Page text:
Value is minimal. Most gun shops won't even take them on trade because the paper work cost exceeds any profit and the liability risks if they sold the gun are just too hign.

    Jim
  12. bikerd

    bikerd New Member

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    I am a machinist and know metals well and this is not cast.....just an interesting conversation piece for me....it does have S&W look to it though
  13. bikerd

    bikerd New Member

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    I see you are in PA....I am from upstate NY myself
  14. Jim Hauff

    Jim Hauff New Member

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    Who?
  15. Jim K

    Jim K New Member

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    Run a Rockwell test on it and cut a small sample out of the inside of the grip for analysis, and let us know what kind of high quality alloy steel it is.

    Jim
  16. 45Auto

    45Auto Active Member

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    An estimate of over $100.00 is rather generous, in my opinion.

    I don't share Jim's opinion as to safety. Each revolver must be checked by a gunsmith and used/not used accordingly.

    The French Govt. issued thousands of these revolvers in WWI in 8mm French caliber. After WWI the French retained many of their Spanish revolvers and continued to issue them.
  17. Jim K

    Jim K New Member

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    Hi, 45Auto,

    Bikerd says he knows metals so he should be more qualified than the aveage gunsmith to determine the quality of that gun. He seems to believe it is of good quality and safe.

    I don't share that opinion.

    Jim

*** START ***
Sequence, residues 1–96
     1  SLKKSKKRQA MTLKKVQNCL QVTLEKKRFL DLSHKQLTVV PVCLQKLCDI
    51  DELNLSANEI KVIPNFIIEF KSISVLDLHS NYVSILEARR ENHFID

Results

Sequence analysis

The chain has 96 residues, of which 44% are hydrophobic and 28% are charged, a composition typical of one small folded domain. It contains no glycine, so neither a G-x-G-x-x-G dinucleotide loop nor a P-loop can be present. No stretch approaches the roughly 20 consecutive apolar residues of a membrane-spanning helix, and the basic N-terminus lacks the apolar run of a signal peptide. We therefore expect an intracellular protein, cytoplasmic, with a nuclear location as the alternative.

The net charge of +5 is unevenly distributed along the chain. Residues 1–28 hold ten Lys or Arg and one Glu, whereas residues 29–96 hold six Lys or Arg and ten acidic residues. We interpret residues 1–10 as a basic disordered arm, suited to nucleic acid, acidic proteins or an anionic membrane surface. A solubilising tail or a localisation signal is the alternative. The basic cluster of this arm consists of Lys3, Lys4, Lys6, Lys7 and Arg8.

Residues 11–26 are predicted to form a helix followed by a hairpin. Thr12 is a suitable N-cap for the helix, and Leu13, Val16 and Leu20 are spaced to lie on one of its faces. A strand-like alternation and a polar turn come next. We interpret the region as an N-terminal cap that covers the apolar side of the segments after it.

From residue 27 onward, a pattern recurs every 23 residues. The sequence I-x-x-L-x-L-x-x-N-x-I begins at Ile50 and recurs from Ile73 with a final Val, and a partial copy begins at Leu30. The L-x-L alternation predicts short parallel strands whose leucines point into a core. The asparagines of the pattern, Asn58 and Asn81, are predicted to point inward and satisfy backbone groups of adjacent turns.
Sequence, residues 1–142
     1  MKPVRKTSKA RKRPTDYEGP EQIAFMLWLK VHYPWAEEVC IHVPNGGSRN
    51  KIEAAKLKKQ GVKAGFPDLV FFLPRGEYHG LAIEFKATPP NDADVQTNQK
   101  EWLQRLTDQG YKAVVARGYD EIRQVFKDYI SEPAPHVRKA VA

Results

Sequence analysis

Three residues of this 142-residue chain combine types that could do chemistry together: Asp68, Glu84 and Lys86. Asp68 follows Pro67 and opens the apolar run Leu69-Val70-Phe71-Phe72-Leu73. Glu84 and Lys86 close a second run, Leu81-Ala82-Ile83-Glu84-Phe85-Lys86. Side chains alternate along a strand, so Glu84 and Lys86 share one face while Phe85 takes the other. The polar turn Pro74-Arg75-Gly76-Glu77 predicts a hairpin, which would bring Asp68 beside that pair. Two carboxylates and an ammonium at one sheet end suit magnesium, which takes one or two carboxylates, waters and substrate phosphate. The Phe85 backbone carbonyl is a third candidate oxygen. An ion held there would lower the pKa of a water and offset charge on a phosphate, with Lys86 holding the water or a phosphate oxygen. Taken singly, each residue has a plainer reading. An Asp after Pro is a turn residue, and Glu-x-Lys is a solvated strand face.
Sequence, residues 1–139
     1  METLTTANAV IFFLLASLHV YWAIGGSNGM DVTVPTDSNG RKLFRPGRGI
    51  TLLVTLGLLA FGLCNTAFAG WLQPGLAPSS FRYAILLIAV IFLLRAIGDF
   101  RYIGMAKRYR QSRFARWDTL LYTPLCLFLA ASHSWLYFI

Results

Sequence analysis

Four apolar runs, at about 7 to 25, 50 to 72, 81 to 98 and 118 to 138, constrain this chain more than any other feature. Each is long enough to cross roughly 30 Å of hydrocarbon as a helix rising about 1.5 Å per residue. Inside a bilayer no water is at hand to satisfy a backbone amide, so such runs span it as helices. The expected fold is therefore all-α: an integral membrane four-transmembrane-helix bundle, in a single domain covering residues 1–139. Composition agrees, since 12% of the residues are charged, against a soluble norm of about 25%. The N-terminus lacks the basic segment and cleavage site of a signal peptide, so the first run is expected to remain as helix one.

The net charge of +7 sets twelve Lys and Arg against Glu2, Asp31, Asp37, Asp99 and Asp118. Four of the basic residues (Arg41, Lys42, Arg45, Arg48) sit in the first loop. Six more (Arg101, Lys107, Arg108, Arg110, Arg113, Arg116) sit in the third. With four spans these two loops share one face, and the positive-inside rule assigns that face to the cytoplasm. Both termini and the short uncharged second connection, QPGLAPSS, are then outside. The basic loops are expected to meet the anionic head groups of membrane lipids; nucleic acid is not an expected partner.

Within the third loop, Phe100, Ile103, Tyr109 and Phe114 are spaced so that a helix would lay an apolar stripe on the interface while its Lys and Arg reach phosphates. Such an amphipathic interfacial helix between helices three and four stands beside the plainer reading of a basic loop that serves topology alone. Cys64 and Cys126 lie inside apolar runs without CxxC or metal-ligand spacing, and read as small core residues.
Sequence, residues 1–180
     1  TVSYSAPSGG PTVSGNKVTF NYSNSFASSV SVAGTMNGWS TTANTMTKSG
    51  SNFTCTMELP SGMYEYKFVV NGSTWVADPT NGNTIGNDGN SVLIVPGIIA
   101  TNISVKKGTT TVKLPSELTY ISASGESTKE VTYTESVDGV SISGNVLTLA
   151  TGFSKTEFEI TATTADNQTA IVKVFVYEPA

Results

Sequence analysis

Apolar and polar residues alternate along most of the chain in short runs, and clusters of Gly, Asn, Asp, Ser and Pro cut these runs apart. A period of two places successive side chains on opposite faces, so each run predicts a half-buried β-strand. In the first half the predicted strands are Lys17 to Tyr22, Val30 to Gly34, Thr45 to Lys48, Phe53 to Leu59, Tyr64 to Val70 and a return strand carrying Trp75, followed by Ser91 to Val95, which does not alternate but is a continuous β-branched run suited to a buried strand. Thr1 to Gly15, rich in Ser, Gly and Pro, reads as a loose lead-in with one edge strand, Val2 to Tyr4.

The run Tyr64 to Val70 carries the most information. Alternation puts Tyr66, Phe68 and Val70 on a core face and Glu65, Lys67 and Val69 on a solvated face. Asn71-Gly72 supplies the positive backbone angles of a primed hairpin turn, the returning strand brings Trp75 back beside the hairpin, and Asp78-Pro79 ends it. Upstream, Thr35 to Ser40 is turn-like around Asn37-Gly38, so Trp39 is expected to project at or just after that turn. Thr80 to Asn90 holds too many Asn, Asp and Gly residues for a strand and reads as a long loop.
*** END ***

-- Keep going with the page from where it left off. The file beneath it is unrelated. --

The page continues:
18. jeeps123

    jeeps123 New Member

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    Hey guys -

    I'm rebuilding a customer's Eibar Temko revolver, and he'd like the firing pin replaced. would anyone care to sell me the firing pin out of his revolver? Or, for some kind of trade, I could send you a firing pin as well.....so that you would have something in there, and not just an empty space....
  19. Lanrezac

    Lanrezac Active Member

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    A) I have never seen or heard of a Temko revolver. Any chance of a picture?

    B) Parts interchangeability on many old (pre-1936) Spanish pistols is poor. They basically put a gun together, then filed away on it until it pretty much worked. The degree of "pretty much" varied with how much they cared about making a good product. If you can find a modern firing pin you can shape to fit, it might not be any more work, and will probably be better steel.

    This is just my opinion. I am a collector, and not a gunsmith.
    Last edited: Feb 8, 2012
  20. Jim K

    Jim K New Member

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    Those guns all had hammer mounted firing pins. Some were integral with the hammer, but most used the rivet system like S&W and Colt. The firing pins are easy, but tedious, to make out of any piece of steel of suitable thickness.

    To add a bit to Jim Hauff's comment on Spanish use of the S&W design. While those guns look like S&W's and many are such close copies that they fool even experts at any distance at all, the innards are usually closer to Colt, using a rebound lever to operate the hand and trigger return, as well as hammer rebound. Some used a separate rebound lever and mainspring, like Colt, others used a single part which combined the rebound lever with the mainspring, a simple-looking lockwork that required close fitting, not a problem in a manual-labor society.

    Jim